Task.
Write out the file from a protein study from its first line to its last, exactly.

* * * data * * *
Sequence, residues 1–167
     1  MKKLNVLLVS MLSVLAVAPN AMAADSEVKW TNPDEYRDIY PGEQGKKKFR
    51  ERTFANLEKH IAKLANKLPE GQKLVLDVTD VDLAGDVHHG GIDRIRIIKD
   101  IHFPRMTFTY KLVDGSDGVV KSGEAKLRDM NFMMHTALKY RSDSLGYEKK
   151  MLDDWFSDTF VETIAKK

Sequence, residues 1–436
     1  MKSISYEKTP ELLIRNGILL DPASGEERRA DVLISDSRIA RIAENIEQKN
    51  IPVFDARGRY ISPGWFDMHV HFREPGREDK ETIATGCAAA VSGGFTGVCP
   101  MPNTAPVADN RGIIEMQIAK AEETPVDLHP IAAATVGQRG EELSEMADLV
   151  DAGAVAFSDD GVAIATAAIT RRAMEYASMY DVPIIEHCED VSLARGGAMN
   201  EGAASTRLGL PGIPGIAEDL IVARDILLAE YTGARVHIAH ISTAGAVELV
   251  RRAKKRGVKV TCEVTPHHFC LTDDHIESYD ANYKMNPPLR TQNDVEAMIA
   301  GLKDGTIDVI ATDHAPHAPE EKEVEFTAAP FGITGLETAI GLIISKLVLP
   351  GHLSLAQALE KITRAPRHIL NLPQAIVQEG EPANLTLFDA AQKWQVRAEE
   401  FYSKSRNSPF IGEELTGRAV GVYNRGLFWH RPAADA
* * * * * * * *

Sequence, residues 1–167
     1  MKKLNVLLVS MLSVLAVAPN AMAADSEVKW TNPDEYRDIY PGEQGKKKFR
    51  ERTFANLEKH IAKLANKLPE GQKLVLDVTD VDLAGDVHHG GIDRIRIIKD
   101  IHFPRMTFTY KLVDGSDGVV KSGEAKLRDM NFMMHTALKY RSDSLGYEKK
   151  MLDDWFSDTF VETIAKK

Sequence, residues 1–436
     1  MKSISYEKTP ELLIRNGILL DPASGEERRA DVLISDSRIA RIAENIEQKN
    51  IPVFDARGRY ISPGWFDMHV HFREPGREDK ETIATGCAAA VSGGFTGVCP
   101  MPNTAPVADN RGIIEMQIAK AEETPVDLHP IAAATVGQRG EELSEMADLV
   151  DAGAVAFSDD GVAIATAAIT RRAMEYASMY DVPIIEHCED VSLARGGAMN
   201  EGAASTRLGL PGIPGIAEDL IVARDILLAE YTGARVHIAH ISTAGAVELV
   251  RRAKKRGVKV TCEVTPHHFC LTDDHIESYD ANYKMNPPLR TQNDVEAMIA
   301  GLKDGTIDVI ATDHAPHAPE EKEVEFTAAP FGITGLETAI GLIISKLVLP
   351  GHLSLAQALE KITRAPRHIL NLPQAIVQEG EPANLTLFDA AQKWQVRAEE
   401  FYSKSRNSPF IGEELTGRAV GVYNRGLFWH RPAADA